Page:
Yes, that's what this article focused on.  I don't think one article could cover every single investment scenario.  There are others that discuss, for example, value funds vs. growth, etc.  Or you could do your own research, especially since you can use those numbers to compare hedge and vanguard index versus whatever specific niche you're investigating.

Either way, I think comparing these two is interesting, as it's a typical argument: professional hedge managers versus index investors.  Hard to argue with the results, IMO, though some still do.
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James

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Re: Couch Potato vs. Hedge Funds
« Reply #5 on: September 02, 2012, 08:05:36 PM »
I moved all my savings to vanguard a month or two ago and use three index funds, US, international, and bonds.  Wish I could move my 401k there, but will settle for mimicking the mix at Fidelity with the 401k.

Kriegsspiel

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Re: Couch Potato vs. Hedge Funds
« Reply #6 on: September 03, 2012, 06:01:12 AM »
Yup, I'm still in the process of moving to a 3 fund portfolio.  I've got the TBM in the Roth, along with some individual stocks that, once sold, go into the bonds, and TSM and TISM in taxable.  I just have a couple more investments to sell and transfer to Vanguard before I can kind of put it on an autopilot AA-rebalance plan, which I'm looking forward to.

ivyhedge

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Re: Couch Potato vs. Hedge Funds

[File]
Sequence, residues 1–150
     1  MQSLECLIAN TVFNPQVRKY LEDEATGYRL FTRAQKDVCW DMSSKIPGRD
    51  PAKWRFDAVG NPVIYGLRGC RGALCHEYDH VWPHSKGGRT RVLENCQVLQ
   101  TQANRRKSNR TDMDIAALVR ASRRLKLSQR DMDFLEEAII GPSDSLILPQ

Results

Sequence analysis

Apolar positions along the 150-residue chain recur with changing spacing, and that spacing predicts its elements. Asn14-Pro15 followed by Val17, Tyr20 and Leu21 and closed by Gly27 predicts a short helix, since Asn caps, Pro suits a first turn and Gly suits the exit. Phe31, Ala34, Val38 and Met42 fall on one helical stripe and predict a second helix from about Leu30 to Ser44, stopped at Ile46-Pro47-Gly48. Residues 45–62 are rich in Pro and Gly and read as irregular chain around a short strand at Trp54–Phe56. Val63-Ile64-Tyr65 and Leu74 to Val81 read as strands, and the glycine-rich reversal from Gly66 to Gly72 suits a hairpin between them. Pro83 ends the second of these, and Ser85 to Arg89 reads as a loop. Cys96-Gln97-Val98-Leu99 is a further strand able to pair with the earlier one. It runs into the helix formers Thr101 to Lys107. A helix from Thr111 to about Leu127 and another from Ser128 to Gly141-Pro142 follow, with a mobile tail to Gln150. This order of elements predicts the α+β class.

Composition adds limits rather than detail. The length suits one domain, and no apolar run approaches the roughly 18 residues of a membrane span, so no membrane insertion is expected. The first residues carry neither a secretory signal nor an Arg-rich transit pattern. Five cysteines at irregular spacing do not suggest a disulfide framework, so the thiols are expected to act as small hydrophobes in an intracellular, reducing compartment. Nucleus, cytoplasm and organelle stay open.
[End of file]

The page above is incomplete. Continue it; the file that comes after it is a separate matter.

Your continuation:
« Reply #7 on: September 12, 2012, 01:43:21 PM »
...and TSM ... in taxable... 

It was a wise move to have placed TSM in a taxable account since the Taiwanese FTW is 20%. Make sure you're reclaiming part of that on your taxes, if it isn't already done for you by your brokerage.

ivyhedge

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Re: Couch Potato vs. Hedge Funds
« Reply #8 on: September 12, 2012, 02:25:08 PM »
http://assetbuilder.com/andrew_hallam/couch_potatoes_crush_hedge_funds

Most telling part to me:
Quote
Despite how far the reported hedge funds have lagged the Couch Potato over the past decade, most hedge fund investors would be thrilled with these poor resultsóbecause the majority of hedge funds did worse than the hedge fund index average.

...yeah.  I'll stick with index funds.


This is a poor treatment, with little true analytic value because of a cherrypicked subindex and no transparent methodology for comparison.

There surely are hedged vehicles that have underperformed their benchmarks, and they are often punished by their investors (increased redemptions, cries to increase the high water mark, etc).

Sadly, over the last decade, a public ignorance has been cultivated as a result of some high profile fund failures and management malfeasance.* The media and various groups on both sides of the isle pounded  "hedge funds" and contorted the reasons as to why we choose to invest in them - all the while thousands of organizations used reputable vehicles for exactly their intended purpose.

Contrary to popular myth, some vehicles are engaged because of index like returns with vastly reduced volatility. For others, the appeal is to gain marked exposure to non-correlated assets with vastly different return characteristics than "stocks and bonds": venture opportunities, local debt or equity exposure (public or private), corporate restructurings, private real assets, etc.

For some institutions, and HNW individuals, the risk adjusted returns are, in fact, far superior to many opportunities afforded non-accredited investors. Is that unfair? Only if you discount that there exist index funds with essentially no management fees that would've been a HNW pipe two decades years ago. Hedged vehicles, and indexed ones, are intended for sometimes for similar purposes, but often for differing ones, such that simplistic comparisons, as in the posted article, are misleading, at best. The article smacks of total ignorance of the asset class and its subclasses.

*(Does anyone recall B Madoff's hedge fund? You shouldn't: he never ran one.)